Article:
Vandenplas-O; Beezhold-D; Tarlo-SM
Asthma in the Workplace and Related Conditions, Third Edition. Bernstein IL, Chan-Yeun M, Malo JL, Bernstein DI, eds., New York: Taylor and Francis Group, 2006 Jan; :437-461
Natural rubber latex (NRL) allergy was clearly identified in 1979 in Europe (1) and in 1989 in North America (2,3), although adverse reactions to natural rubber materials had occasionally been described earlier (4). Over the past 15 years, NRL has been increasingly acknowledged as a major cause of IgE-mediated allergy in occupational and nonoccupational environments (5,6). NRL materials can cause a wide spectrum of immediate hypersensitivity reactions, ranging from mild urticaria to extensive angioedema and life-threatening anaphylaxis after cutaneous, mucosal, or visceral exposure. In addition, it has been shown that NRL proteins can bind onto glove powder and can then act as airborne allergens causing rhinitis and asthma (7).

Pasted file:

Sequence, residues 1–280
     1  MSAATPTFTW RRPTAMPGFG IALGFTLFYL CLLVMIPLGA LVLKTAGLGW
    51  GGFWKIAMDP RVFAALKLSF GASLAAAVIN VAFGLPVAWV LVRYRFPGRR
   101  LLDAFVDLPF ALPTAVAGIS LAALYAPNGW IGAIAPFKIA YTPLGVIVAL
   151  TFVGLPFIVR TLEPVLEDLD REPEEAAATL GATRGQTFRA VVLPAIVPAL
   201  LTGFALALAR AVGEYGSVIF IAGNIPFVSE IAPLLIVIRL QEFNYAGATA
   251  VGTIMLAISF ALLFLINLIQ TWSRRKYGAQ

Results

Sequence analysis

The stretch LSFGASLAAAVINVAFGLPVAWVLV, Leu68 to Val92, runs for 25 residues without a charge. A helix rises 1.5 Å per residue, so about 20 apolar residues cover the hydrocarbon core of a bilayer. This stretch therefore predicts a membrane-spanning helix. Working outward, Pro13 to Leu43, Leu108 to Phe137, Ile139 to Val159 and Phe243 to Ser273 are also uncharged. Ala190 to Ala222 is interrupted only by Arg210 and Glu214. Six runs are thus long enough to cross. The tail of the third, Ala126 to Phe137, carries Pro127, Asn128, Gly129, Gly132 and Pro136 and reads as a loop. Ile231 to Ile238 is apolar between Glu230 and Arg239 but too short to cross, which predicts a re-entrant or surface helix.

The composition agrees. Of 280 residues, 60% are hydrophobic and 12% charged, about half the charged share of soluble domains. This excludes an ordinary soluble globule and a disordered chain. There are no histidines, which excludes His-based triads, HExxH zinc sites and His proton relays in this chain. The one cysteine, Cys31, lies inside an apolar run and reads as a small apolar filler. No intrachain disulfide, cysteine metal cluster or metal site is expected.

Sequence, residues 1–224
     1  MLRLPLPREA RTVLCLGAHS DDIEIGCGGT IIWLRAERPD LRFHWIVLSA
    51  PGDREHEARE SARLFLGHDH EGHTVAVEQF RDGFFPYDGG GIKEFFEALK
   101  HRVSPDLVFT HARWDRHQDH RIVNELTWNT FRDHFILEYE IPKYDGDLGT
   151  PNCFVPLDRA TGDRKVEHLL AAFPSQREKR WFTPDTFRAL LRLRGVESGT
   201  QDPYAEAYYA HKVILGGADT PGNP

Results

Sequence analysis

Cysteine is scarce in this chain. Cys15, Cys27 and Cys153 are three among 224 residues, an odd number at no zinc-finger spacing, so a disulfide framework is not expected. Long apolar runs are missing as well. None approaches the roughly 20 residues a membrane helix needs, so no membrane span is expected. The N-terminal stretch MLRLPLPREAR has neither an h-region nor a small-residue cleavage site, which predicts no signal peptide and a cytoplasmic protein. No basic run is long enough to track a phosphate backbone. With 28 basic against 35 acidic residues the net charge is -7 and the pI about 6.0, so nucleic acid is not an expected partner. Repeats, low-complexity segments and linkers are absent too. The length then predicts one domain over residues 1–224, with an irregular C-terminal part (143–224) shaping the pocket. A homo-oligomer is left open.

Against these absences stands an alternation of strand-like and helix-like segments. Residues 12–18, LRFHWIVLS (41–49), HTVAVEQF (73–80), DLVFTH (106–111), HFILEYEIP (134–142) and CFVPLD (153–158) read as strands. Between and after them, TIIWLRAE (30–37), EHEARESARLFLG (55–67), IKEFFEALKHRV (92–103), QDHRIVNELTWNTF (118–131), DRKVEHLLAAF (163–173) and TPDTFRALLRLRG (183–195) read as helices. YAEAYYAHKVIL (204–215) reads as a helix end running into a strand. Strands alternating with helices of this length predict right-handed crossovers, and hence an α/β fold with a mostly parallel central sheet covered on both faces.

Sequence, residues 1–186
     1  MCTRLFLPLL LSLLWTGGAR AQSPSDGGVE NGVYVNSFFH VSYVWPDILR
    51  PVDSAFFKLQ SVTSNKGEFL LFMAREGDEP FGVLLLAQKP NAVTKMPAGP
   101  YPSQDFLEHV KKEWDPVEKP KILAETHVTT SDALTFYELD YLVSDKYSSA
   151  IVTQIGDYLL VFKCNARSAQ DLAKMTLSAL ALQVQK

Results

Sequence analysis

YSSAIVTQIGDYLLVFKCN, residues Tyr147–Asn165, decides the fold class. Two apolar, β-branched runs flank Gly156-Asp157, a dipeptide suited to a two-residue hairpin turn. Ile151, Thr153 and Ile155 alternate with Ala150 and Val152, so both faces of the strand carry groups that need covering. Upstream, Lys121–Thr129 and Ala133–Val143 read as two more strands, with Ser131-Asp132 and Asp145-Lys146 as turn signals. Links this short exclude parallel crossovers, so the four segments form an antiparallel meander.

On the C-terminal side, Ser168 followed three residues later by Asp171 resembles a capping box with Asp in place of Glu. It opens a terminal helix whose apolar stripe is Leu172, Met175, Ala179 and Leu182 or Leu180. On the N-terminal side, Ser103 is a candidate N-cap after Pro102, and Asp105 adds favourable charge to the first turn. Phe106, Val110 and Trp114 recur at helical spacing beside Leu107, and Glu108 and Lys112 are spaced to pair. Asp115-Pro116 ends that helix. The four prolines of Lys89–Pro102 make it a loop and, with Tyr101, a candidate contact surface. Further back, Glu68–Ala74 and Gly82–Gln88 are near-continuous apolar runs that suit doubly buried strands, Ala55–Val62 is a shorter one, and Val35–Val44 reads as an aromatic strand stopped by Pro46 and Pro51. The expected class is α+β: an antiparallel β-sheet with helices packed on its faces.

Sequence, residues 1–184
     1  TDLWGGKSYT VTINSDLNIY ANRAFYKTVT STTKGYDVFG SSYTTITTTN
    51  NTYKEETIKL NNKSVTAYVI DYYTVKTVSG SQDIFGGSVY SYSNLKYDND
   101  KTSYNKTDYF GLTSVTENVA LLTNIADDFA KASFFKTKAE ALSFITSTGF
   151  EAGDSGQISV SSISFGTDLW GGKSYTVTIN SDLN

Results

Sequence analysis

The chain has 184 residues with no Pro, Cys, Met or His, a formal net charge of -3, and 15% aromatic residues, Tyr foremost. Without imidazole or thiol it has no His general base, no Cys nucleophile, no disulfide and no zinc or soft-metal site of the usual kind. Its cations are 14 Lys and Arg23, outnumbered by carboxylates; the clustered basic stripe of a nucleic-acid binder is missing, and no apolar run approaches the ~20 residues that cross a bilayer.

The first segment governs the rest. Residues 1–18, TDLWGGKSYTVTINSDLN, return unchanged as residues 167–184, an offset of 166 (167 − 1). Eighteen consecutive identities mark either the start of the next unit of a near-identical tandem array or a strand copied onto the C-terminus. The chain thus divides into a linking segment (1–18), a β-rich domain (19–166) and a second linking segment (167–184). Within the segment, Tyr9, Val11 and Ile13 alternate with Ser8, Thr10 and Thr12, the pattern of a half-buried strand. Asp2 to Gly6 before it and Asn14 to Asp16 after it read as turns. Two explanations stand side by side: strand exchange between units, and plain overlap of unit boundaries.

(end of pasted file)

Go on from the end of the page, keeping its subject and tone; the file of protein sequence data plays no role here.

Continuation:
Allergens; Allergies; Occupational-health; Occupational-exposure; Occupational-hazards; Hypersensitivity; Occupational-diseases; Bronchial-asthma; Gloves
Book or book chapter
Bernstein-IL; Chan-Yeung-M; Malo-JL; Bernstein-DI
Disease and Injury: Asthma and Chronic Obstructive Pulmonary Disease
Asthma in the Workplace and Related Conditions, Third Edition